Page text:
Today we took our middle schoolers up to the Taichung campus for our annual music festival. Our version of it was nowhere near what I've witnessed back at my alma mater, but I love what we do nonetheless. All 3 of our system campuses combine music groups and put on a concert. For choir this meant 65 students squeezed onto five levels of risers. The volume instantaneously improved from my usual fare of shy singers (although I do not have a small choir), which distracted me from focusing on other things that needed improvement. I was just thinking, "Wow! They are actually loud! This is great!"
The concert was also great -- while I messed up in my conducting, everyone else did fabulous, and I was so proud. Plus it was good to hear a band again. I miss that sound--as much of a strings person that I am--band always captivates me in a different way. I really miss instrumental. Still haven't found my niche with choral yet. Sigh.
As much time as it takes, I do enjoy going on trips like these with my students. Like the 5th grade field trip, I got to see my kids outside of my classroom, and observe them a little more in this different environment. Today I realized that the less self-conscious one is in interacting with middle schoolers, the less awkward it will be. I admit I haven't gotten there yet. Maybe after I grow a few more years on me and put a little more distance in age between me and them, it will get better.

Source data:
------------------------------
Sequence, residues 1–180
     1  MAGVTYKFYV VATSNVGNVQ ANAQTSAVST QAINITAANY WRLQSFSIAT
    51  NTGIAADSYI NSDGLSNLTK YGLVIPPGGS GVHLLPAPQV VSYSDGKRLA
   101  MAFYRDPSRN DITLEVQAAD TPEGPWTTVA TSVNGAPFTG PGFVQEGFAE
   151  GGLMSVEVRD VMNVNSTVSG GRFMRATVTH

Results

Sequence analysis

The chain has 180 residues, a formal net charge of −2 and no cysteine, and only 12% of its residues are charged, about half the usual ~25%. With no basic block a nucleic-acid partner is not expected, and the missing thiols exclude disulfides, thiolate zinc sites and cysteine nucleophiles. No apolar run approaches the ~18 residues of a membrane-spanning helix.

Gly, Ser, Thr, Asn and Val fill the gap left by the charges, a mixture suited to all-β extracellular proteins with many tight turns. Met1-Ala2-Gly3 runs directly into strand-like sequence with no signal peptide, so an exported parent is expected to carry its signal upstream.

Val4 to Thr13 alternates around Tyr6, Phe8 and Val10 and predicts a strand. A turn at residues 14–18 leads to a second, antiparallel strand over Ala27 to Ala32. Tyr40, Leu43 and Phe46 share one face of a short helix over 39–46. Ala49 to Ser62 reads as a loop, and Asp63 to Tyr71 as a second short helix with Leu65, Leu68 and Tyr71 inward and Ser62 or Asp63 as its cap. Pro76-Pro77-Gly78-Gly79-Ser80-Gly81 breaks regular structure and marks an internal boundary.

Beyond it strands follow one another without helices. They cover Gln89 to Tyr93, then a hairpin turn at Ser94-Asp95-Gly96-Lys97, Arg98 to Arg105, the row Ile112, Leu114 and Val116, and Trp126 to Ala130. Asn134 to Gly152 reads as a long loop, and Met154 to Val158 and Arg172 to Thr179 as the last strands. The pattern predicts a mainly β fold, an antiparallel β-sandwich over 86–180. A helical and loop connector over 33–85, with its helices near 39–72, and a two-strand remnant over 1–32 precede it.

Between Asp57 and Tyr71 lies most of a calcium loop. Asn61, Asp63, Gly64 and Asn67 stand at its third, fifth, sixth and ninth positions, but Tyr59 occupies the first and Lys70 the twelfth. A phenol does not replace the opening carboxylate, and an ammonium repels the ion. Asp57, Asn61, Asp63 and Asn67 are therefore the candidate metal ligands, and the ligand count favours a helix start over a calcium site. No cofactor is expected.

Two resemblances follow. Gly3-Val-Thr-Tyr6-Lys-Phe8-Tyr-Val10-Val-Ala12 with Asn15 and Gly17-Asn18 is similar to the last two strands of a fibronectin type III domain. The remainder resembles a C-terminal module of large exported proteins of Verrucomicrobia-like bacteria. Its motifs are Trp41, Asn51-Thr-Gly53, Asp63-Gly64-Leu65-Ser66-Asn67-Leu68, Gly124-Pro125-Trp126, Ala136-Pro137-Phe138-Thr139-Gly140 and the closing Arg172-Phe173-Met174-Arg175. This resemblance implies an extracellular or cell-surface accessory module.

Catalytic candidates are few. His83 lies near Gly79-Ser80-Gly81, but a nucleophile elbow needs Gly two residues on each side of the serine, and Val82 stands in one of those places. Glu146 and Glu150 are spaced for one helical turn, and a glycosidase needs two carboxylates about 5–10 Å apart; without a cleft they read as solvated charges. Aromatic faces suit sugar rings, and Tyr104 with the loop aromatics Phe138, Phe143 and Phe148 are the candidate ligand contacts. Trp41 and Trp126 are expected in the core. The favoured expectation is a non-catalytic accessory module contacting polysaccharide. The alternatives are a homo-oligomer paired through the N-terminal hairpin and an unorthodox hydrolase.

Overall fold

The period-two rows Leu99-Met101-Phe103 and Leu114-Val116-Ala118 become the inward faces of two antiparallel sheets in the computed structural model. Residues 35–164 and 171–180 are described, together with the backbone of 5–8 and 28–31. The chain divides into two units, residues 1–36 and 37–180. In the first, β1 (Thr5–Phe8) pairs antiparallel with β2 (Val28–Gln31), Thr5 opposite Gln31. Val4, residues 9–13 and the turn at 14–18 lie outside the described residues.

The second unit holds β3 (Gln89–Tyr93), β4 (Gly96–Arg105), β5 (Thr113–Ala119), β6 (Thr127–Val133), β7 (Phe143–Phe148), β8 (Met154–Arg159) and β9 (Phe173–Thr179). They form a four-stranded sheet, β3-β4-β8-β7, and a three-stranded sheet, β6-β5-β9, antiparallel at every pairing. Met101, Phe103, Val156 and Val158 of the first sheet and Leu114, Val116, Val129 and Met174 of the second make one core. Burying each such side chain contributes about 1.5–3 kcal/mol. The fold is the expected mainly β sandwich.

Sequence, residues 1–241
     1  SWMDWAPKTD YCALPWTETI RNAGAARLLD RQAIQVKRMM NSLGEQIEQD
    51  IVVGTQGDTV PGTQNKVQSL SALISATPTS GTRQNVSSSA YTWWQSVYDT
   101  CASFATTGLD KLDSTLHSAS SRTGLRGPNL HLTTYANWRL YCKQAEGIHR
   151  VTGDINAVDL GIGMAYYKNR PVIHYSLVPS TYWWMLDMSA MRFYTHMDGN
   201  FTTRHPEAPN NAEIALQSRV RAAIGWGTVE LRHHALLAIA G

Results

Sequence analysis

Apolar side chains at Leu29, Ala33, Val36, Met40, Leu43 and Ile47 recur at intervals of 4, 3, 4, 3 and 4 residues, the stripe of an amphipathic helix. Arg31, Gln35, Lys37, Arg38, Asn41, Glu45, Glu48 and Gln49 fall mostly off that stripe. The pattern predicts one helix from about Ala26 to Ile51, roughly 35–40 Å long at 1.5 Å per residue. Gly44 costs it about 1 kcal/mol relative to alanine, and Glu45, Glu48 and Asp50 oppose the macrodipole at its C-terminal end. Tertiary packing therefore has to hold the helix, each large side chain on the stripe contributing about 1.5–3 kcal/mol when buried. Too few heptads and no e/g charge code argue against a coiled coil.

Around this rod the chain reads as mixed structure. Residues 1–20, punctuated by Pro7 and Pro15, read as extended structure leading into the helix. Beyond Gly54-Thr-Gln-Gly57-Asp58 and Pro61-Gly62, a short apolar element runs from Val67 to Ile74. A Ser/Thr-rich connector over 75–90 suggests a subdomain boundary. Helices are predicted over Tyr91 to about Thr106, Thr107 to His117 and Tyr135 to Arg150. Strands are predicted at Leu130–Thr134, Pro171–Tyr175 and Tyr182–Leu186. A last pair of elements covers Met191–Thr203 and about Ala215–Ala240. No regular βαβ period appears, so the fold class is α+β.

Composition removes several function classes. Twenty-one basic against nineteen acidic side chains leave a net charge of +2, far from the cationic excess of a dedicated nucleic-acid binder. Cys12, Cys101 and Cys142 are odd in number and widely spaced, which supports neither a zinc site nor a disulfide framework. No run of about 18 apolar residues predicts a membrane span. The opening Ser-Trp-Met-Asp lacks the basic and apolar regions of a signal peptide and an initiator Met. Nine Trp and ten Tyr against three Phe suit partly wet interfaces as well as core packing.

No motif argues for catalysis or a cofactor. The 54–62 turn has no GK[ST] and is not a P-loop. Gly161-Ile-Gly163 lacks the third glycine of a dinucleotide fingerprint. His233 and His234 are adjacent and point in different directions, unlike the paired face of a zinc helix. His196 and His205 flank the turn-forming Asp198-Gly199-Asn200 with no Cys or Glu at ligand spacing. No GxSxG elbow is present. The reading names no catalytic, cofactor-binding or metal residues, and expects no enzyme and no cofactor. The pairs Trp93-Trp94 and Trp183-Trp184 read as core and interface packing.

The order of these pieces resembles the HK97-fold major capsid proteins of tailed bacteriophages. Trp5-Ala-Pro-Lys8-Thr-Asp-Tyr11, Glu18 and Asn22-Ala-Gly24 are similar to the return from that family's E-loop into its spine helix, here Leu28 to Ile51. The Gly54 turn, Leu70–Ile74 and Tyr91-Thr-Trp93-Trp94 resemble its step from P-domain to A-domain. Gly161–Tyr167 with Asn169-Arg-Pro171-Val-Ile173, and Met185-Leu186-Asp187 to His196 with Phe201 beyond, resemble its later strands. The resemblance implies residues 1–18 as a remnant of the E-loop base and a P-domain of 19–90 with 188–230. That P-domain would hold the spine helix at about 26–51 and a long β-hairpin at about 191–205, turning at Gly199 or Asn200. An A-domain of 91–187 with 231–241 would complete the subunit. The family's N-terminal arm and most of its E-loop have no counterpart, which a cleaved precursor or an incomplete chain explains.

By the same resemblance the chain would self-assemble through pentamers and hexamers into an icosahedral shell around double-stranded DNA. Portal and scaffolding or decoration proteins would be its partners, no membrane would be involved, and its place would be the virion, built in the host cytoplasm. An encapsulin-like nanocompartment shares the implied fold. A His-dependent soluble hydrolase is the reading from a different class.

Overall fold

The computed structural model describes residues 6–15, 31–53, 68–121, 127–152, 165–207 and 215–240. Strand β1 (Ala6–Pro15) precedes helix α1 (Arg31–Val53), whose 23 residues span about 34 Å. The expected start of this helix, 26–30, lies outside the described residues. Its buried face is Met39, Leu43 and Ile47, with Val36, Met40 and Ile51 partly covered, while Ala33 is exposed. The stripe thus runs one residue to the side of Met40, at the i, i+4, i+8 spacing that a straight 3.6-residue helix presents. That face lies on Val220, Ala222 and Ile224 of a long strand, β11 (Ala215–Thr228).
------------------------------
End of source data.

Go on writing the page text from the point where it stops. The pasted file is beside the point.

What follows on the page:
But I've also found that it's slightly easier to achieve this un-self-consciousness with boy students than girl students. Perhaps it is because the boys are either so self-conscious themselves one takes pity on them (I have a few of those, it is terribly cute, the awkward way they hold themselves as they sing), or their silliness makes it easy to forget oneself, as the attention goes to them.
Before dinner one of our biggest middle school boys came to ask us teachers a question, and he bent over nearly halfway to hear my reply. When he realized this, he laughed and said "Sorry," as if he felt it was patronizing. But in my heart I was glad, for the heart attitude that he carried was not one of indifference or carelessness, but of actually caring about another person, what they had to say, and their feelings. If all of our students come out with hearts as this, our efforts would not be wasted.
Another thing I realized today is that Taiwan actually has a lot of mountains. I've been missing Colorado and her beautiful Rockies for a long time now, but seeing the blue ridges in the distance as we hurtled up the highway on our tour-sized bus gave me a small sense of comfort this morning.